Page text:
Up to 3,000 worshippers may defect from the Church of England to become part of more traditional Anglican provinces overseas, a leading conservative has warned.

The Rev Rod Thomas, chairman of the Reform network of evangelicals, said some clergy and congregations may make the “radical” move of secession from the established church because of the liberal direction in which it is moving on women bishops and homosexuality.

He claimed the differences are now so great that there effectively two religions within the church, one liberal and one conservative, and that at least 25 parishes are already seeking “alternative oversight” because their bishop does not share their beliefs in tradition and the Bible.

He said he hoped this could be provided by creating new “religious communities”, by getting conservative bishops from other dioceses to provide oversight, or by employing retired English bishops to take over the care of those who did not want to be led by a liberal prelate.

But Mr Thomas added that if this were not possible, clergy could be consecrated by orthodox Anglican bishops in foreign countries before returning to their parishes – which may then lose their Church of England name.

This has already happened in the USA as clergy have abandoned the ultra-liberal Episcopal Church, which is run by a woman and where an openly gay bishop has been elected and same-sex unions blessed, in favour of churches in Africa and South America.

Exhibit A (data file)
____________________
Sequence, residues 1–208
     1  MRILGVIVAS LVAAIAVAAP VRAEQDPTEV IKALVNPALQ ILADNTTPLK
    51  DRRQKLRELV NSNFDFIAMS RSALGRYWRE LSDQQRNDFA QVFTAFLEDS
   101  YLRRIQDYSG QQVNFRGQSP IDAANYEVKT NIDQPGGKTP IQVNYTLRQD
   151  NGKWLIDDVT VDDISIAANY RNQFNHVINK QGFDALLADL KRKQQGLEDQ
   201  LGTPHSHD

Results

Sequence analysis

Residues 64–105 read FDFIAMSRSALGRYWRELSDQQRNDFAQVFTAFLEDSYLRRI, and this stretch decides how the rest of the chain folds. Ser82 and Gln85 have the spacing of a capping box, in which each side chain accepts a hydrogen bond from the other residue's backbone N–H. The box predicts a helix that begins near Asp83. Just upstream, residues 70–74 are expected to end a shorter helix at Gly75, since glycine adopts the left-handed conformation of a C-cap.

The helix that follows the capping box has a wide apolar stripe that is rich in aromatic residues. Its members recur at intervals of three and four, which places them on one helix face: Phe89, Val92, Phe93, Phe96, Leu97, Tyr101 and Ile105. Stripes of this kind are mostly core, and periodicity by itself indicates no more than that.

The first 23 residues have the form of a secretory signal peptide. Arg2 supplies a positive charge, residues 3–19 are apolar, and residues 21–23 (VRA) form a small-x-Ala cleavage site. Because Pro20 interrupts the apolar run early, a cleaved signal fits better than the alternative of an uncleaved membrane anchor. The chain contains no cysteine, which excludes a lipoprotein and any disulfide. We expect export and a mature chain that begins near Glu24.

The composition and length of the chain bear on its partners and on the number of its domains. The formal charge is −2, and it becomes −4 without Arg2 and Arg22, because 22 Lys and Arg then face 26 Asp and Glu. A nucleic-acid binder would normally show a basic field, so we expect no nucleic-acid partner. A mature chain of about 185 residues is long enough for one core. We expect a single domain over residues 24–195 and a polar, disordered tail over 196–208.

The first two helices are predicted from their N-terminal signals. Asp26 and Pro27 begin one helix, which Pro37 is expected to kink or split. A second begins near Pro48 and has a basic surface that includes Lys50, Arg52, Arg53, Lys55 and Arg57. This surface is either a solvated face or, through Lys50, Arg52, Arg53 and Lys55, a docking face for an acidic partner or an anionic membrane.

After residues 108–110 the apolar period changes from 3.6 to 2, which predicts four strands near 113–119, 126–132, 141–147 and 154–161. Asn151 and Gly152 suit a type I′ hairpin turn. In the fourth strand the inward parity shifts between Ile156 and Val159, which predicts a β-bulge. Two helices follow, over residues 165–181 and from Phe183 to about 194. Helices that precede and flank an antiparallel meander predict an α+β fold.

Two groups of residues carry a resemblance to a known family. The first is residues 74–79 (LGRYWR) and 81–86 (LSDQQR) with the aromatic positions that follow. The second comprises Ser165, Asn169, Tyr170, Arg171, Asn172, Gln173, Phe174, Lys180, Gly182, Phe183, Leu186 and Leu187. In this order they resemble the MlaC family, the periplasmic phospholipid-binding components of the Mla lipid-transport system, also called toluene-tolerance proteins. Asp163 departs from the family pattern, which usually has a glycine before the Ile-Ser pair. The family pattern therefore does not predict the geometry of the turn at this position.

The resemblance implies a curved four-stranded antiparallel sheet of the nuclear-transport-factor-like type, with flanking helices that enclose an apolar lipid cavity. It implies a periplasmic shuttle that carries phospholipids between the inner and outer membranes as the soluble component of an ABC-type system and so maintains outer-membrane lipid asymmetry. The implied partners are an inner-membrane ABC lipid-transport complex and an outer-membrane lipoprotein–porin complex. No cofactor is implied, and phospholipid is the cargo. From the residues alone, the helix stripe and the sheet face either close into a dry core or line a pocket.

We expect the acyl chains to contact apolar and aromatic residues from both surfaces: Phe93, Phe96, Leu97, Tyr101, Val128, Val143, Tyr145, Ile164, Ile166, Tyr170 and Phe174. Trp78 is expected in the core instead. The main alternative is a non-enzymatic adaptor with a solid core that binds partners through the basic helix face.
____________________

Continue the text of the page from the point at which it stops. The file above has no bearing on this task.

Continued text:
But it would break the moratorium on “border-crossing” demanded by the Archbishop of Canterbury as part of a rescue plan to save the 80 million-strong Anglican Communion from a complete split.

Speaking during the annual conference of Reform in central London, where the plans are being debated, Mr Thomas said: “We are actively going to take forward the agenda of alternative episcopal oversight. We are no longer able to sit back and wait to see what happens.

“The most radical scenario which I don’t discount, but neither am I saying we are pressing for, is where you have a shortlist of names and ask overseas persons to consecrate them so they cater for individuals in this country.”

He said this option could be triggered by a “crisis” such as the General Synod, the Church of England’s governing body, introducing women bishops without adequate provision for opponents of the innovation, or by a bishop blessing same-sex unions.

Mr Thomas stressed that he hoped an English solution could be found, such as the establishment of “religious communities” to cover entire parishes that did not want to have a female bishop, or existing bishops taking charge of parishes outside their diocesan boundaries.

But he admitted that alternative oversight may mean parishes cease to identify themselves with the Church of England, and instead with the global “fellowship of confessing Anglicans” established by the Gafcon movement of orthodox Anglicans in Jerusalem earlier this year.

The Gafcon organisers have already set up a council of province leaders and are encouraging clergy around the world to sign up to their declaration of faithfulness to scripture.

Leave a Reply

You must be logged in to post a comment.